Or, how to do political parody the right way.
Way back in the early 80’s, Dutch comedy television was hitting their stronger years. And as effective comedy should, it poked fun at the things people were dissatisfied with. As it happened (really, when does it not) this was politics. A fictive political party, the “Counterparty”, held ridiculous standpoints and wasn’t afraid to violently poke and prod at the populist parties of the time. They identified themselves as “free guys” and promoted their party as the one for “all Dutchmen who can’t stand the Netherlands anymore”.
Soon, the lines between fiction and reality blurred. They got a half-joke question seriously discussed in parliament, and their popularity grew to unexpected heights. Had they actively participated in elections, they likely would’ve earned a fair few seats.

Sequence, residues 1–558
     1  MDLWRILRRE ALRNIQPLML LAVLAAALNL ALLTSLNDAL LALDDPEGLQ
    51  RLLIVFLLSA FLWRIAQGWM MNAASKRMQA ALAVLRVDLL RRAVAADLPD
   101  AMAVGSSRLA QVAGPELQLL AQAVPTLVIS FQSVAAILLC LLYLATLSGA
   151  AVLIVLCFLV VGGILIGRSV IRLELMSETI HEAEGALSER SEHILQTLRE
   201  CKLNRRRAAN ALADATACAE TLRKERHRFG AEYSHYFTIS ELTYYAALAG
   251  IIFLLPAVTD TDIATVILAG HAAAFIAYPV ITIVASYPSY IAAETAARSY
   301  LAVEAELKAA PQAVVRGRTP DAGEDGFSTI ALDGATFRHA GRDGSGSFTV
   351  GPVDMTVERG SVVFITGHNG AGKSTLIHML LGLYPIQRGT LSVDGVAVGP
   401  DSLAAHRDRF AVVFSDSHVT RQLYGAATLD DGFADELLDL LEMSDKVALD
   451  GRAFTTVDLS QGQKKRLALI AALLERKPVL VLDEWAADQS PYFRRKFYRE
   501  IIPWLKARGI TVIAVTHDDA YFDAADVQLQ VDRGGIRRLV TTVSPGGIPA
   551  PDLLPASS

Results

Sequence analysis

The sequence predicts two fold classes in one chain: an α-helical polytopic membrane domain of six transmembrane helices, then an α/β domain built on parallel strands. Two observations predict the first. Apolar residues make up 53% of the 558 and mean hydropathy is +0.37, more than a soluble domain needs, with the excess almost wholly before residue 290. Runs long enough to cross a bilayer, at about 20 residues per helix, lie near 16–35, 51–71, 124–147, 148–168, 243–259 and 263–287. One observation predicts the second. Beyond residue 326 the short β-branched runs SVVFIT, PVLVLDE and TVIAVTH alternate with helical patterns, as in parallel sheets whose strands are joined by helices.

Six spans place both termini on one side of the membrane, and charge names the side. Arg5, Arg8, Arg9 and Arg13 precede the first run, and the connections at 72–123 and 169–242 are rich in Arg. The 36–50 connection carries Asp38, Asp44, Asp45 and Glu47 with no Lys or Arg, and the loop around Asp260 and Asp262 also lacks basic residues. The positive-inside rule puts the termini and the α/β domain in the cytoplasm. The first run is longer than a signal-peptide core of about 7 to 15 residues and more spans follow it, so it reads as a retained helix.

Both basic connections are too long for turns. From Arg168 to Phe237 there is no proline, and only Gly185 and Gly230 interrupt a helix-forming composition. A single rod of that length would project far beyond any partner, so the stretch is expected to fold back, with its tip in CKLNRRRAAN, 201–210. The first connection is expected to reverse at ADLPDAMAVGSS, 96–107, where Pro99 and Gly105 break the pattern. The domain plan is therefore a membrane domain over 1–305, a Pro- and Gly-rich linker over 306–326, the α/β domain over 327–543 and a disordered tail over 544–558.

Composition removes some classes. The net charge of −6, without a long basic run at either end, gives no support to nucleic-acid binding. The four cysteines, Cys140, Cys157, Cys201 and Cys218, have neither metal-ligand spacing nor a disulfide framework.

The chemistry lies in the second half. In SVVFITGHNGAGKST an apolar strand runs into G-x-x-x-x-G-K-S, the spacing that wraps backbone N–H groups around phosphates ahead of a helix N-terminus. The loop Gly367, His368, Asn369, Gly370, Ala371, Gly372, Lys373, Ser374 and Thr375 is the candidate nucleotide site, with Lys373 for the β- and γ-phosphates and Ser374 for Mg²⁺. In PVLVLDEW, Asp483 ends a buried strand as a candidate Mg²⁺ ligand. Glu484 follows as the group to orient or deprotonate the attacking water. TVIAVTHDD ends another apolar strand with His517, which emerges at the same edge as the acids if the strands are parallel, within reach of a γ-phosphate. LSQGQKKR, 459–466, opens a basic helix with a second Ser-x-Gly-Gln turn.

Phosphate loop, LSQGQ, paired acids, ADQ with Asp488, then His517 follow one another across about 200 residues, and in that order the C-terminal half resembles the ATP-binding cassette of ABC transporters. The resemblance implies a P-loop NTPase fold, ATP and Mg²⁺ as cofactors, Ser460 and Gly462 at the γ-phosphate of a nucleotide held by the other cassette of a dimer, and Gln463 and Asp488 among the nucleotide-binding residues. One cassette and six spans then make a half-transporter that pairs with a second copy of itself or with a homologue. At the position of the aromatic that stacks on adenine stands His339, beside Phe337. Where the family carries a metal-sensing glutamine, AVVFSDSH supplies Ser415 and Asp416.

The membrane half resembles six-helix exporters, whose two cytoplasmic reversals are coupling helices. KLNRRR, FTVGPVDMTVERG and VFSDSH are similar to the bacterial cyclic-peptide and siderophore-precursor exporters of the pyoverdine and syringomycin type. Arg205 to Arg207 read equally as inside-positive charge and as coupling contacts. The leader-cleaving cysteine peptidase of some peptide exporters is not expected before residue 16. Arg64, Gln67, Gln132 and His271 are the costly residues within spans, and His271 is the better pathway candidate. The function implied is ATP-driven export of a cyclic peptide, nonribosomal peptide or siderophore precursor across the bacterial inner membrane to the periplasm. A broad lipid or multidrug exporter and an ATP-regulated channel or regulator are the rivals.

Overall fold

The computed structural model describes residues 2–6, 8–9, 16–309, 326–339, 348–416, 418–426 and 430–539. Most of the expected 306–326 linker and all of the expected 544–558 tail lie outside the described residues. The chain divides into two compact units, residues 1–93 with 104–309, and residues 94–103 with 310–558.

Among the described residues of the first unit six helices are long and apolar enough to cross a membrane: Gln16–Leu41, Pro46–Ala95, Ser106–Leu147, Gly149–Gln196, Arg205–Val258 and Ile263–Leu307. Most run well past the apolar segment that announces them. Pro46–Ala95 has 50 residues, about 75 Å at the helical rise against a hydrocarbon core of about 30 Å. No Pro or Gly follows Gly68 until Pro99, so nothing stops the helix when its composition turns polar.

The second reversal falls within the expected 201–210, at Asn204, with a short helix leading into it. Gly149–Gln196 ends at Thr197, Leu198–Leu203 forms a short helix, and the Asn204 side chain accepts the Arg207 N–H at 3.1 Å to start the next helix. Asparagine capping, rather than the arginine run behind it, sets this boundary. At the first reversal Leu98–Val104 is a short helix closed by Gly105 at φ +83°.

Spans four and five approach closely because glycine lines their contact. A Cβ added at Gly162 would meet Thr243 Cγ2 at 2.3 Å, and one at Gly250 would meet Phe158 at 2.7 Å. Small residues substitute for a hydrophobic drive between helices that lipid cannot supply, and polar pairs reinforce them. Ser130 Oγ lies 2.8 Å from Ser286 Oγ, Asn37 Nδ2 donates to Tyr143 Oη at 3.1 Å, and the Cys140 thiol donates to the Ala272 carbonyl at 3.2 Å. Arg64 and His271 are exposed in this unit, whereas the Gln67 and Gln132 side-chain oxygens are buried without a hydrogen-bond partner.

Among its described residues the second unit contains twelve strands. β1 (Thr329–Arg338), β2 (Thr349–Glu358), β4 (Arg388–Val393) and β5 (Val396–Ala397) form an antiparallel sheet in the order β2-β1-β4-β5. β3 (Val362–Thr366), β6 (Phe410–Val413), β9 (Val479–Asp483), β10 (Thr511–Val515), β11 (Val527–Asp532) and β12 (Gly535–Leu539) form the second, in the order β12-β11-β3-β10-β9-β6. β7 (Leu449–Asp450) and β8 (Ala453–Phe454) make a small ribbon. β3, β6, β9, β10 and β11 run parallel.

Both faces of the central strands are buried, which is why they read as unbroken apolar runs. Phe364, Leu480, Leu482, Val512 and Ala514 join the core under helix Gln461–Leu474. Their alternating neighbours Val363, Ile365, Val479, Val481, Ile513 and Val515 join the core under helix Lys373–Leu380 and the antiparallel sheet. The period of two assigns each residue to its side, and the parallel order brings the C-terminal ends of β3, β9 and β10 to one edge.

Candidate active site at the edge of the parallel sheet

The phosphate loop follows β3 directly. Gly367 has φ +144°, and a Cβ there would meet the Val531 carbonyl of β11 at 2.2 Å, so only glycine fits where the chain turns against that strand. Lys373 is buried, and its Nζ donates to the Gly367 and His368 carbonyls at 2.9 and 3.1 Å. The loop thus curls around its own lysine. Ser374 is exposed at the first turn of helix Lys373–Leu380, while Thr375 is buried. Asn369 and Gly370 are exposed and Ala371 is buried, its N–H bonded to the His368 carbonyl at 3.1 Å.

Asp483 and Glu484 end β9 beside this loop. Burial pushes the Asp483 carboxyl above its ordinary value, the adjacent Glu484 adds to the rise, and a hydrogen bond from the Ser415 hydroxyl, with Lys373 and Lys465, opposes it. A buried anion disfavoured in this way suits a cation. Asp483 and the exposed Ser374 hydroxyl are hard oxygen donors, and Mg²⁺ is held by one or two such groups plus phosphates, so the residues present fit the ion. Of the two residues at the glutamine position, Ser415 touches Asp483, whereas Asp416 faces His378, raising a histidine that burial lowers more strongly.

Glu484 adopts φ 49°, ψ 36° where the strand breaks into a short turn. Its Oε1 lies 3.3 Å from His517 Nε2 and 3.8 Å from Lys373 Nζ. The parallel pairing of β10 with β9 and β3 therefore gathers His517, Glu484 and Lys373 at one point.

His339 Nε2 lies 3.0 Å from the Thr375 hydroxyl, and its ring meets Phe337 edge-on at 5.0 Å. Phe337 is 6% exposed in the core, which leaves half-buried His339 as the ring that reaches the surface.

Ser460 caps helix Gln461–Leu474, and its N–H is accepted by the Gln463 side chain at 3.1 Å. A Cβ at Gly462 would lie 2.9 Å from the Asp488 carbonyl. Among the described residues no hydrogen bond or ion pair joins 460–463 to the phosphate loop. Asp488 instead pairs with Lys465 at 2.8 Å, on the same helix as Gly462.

In a hilarious turn of events, one of the nationalist parties at the time adopted some of the Counterparty’s slogans and standpoints, and published compliments to the minds behind the parody party in their own hand-out magazine. The Counterparty may still have been fictional, but it had grown bigger than just comedy.
A few days before the elections, the two characters that started it all staged their own deaths and made off to South America. People wanted them to get into politics for real, people wanted to kill them for real. They left their mark on their times, and showed that bringing the normal (fictional, exaggerated) man into politics was what people wanted.
And also that it wouldn’t change anything about the shitshow of it all.